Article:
Lessons From Failure

这篇文章由Sophie S. Ding撰写,是我们第七届年度学生编辑大赛高中组的前9名获奖者之一,我们收到了6,076份参赛作品。


There it is. Among the countless 100s, I see it: a 37. A hideous, black mark in the grade book. I had to nearly restrain my mother from pouncing on the phone to call my teacher. “Let me handle it,” I said. Uneasily and reluctantly, she did. She, thankfully, is not a snowplow parent.

According to an article in The New York Times, snowplow parents clear the road for their children to chug ahead on their perfect path to success. It’s why some students turn in homework handwritten by middle-aged adults, why a sophomore girl’s dad picks her up the period before every math test, why lunches flood the main office, delivered by parents of forgetful students. Perhaps students are all too happy to have parents control their lives. Or maybe parents don’t listen and need to run the show. Both need to rethink their positions.

Stellar grades and fancy admission letters seem like “proof” that parents’ meticulous managing and manipulating produces results. On paper, today’s seniors look successful: lists of APs, high test scores, varsity letters, unique community service projects, ability to play fifteen instruments while simultaneously winning chess competitions.

The reality? Dean Julie Lythcott-Haims of Stanford University observes these same students, now at prestigious universities, constantly calling home for advice, special packages, and help with basic tasks like registering for classes or contacting professors.

Beyond college, a poll by The New York Times showed that 76 percent of parents reminded their adult children of deadlines, 74 percent set up appointments and 11 percent called employers about issues at work. Parents, how long are you going to continue living two lives?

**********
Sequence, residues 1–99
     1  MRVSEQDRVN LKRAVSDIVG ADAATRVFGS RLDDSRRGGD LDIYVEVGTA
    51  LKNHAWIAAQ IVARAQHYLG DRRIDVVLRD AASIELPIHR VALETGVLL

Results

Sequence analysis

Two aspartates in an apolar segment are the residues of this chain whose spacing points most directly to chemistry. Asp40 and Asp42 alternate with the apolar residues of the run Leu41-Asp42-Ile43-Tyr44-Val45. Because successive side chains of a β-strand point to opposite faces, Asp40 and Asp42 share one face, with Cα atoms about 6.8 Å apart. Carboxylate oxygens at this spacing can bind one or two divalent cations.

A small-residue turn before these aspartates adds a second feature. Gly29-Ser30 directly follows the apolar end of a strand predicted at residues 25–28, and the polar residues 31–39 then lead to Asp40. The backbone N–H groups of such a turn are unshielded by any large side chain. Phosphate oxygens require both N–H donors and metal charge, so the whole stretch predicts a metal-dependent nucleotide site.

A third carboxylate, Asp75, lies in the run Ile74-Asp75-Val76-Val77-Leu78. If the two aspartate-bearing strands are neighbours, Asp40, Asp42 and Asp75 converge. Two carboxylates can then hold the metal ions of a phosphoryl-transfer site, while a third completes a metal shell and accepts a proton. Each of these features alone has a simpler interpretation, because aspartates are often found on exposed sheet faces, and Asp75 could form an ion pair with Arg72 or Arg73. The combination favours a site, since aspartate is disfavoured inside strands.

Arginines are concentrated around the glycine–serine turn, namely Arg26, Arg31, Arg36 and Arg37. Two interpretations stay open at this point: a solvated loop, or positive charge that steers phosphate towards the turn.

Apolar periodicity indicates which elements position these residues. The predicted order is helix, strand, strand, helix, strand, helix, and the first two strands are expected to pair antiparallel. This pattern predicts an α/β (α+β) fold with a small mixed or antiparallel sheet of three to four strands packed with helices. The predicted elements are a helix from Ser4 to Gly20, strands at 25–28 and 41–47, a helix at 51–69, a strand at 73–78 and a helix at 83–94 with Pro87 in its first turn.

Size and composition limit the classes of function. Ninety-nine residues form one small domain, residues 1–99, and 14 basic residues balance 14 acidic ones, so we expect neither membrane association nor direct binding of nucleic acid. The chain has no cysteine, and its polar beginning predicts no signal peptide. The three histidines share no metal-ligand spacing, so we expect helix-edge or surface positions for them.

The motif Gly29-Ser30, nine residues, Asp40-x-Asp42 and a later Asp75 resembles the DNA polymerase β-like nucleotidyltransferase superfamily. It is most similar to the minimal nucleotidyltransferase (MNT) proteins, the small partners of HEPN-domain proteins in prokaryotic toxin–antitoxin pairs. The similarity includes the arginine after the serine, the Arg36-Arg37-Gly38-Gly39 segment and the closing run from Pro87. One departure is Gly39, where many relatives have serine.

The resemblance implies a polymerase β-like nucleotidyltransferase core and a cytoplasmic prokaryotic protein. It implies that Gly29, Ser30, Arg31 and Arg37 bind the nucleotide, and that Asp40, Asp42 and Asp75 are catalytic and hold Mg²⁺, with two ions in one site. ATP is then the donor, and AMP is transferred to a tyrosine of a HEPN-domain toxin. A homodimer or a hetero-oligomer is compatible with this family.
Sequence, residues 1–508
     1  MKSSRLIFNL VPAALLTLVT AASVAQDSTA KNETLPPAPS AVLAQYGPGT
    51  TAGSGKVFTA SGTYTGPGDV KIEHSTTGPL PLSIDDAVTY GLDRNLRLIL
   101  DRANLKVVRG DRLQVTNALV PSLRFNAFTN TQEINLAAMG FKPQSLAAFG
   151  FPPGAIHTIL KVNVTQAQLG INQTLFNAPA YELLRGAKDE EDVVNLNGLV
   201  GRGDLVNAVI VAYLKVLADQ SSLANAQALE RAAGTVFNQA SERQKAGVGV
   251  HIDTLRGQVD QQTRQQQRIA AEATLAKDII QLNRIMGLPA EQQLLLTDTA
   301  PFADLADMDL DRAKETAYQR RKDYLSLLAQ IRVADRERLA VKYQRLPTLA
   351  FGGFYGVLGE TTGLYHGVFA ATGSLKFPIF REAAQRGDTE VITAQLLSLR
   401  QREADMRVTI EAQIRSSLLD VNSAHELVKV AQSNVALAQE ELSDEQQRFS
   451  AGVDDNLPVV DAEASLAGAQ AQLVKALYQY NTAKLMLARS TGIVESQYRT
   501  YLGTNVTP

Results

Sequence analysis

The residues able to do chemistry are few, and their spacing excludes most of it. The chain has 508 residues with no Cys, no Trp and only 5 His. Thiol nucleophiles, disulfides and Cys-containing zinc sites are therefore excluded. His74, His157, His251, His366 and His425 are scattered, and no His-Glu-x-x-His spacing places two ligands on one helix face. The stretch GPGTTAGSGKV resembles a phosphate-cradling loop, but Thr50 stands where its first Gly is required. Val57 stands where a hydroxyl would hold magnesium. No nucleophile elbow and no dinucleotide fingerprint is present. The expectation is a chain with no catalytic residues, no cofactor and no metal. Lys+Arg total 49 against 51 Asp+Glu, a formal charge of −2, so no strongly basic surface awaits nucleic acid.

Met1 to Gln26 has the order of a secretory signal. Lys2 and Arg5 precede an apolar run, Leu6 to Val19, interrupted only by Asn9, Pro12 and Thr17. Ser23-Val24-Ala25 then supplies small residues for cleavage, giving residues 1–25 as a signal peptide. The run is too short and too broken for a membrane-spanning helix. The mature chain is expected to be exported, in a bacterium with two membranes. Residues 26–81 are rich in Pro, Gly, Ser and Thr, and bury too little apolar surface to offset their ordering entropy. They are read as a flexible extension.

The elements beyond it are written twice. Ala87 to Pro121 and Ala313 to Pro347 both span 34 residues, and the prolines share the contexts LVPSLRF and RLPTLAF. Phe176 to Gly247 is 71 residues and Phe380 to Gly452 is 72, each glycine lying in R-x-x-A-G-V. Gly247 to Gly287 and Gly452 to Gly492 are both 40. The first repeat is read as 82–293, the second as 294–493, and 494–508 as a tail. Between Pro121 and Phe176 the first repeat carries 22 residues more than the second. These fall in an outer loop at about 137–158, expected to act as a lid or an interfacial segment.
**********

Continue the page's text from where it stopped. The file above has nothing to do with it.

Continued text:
Overprotective parents limit teens’ opportunities to build skills needed in adulthood. Many parents feel that kids can’t succeed without nagging and protecting at every turn. This stunts kids’ growth and conveys that failure, life’s best teacher, is their worst enemy. The short-term gains of A+ report cards come at the long-term cost of sense of self. When failure is foreign to kids, what will they do in the real world where frustration and lost opportunities are commonplace?

Of course, parents need to be there when necessary, but not for tracking studying and extracurriculars and proofreading homework at night. Most of the time, let children govern their own lives to develop habits and skills for adulthood. Instead of putting answers in their mouths, guide them to solve their problems.

Let them mess up. Let them fail. No parent wants to see their child fail (the horror!), but failure is fundamental. My mom showed she respected me and my autonomy by letting me deal with my own problem. In the end, that one 37 taught me much more than all the 100s did.

Works Cited

Cain Miller, Claire, and Jonah Engel Bromwich. “How Parents Are Robbing Their Children of Adulthood.” The New York Times, 16 March 2019.

“The Effects of Helicopter Parenting.” Newport Academy, 2 Jan. 2019.

Haller, Sonja. “Kids Aren’t Growing Up: Shocking New Poll Says Parents Are Killing Kids’ Life Skills.” USA Today, 18 March 2019.

Jennifer Medina, Katie Benner, and Kate Taylor. “Actresses, Business Leaders and Other Wealthy Parents Charged in U.S. College Entry Fraud.” The New York Times, 12 March 2019.

“Parents’ Attitudes and Beliefs: Their Impact on Children’s Development.” Encyclopedia on Early Childhood Development, Dec. 2014.

Simmons, Rachel. “How Not to Be a Snowplow Parent.” The New York Times, 19 March 2019.

“Stop Doing Everything for Your Kids and Set Them on the Path to Independence.” Parent Co., 20 Nov. 2017.